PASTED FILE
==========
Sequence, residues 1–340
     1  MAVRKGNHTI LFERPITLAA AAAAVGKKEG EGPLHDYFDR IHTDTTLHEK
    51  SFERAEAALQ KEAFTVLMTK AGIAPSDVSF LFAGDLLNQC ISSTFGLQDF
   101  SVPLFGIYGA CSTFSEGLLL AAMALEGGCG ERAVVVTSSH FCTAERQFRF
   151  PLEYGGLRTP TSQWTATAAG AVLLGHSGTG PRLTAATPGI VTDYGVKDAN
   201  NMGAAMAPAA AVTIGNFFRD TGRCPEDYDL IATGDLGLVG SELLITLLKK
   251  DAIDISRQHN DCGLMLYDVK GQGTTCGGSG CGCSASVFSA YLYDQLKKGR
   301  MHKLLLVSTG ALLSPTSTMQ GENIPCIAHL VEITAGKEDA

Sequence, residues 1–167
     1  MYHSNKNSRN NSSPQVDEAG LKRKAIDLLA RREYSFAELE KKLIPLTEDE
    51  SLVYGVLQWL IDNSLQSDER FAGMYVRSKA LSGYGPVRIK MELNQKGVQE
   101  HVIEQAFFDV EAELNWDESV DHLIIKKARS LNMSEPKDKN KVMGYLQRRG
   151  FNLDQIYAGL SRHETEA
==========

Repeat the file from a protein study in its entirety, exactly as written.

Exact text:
Sequence, residues 1–340
     1  MAVRKGNHTI LFERPITLAA AAAAVGKKEG EGPLHDYFDR IHTDTTLHEK
    51  SFERAEAALQ KEAFTVLMTK AGIAPSDVSF LFAGDLLNQC ISSTFGLQDF
   101  SVPLFGIYGA CSTFSEGLLL AAMALEGGCG ERAVVVTSSH FCTAERQFRF
   151  PLEYGGLRTP TSQWTATAAG AVLLGHSGTG PRLTAATPGI VTDYGVKDAN
   201  NMGAAMAPAA AVTIGNFFRD TGRCPEDYDL IATGDLGLVG SELLITLLKK
   251  DAIDISRQHN DCGLMLYDVK GQGTTCGGSG CGCSASVFSA YLYDQLKKGR
   301  MHKLLLVSTG ALLSPTSTMQ GENIPCIAHL VEITAGKEDA

Sequence, residues 1–167
     1  MYHSNKNSRN NSSPQVDEAG LKRKAIDLLA RREYSFAELE KKLIPLTEDE
    51  SLVYGVLQWL IDNSLQSDER FAGMYVRSKA LSGYGPVRIK MELNQKGVQE
   101  HVIEQAFFDV EAELNWDESV DHLIIKKARS LNMSEPKDKN KVMGYLQRRG
   151  FNLDQIYAGL SRHETEA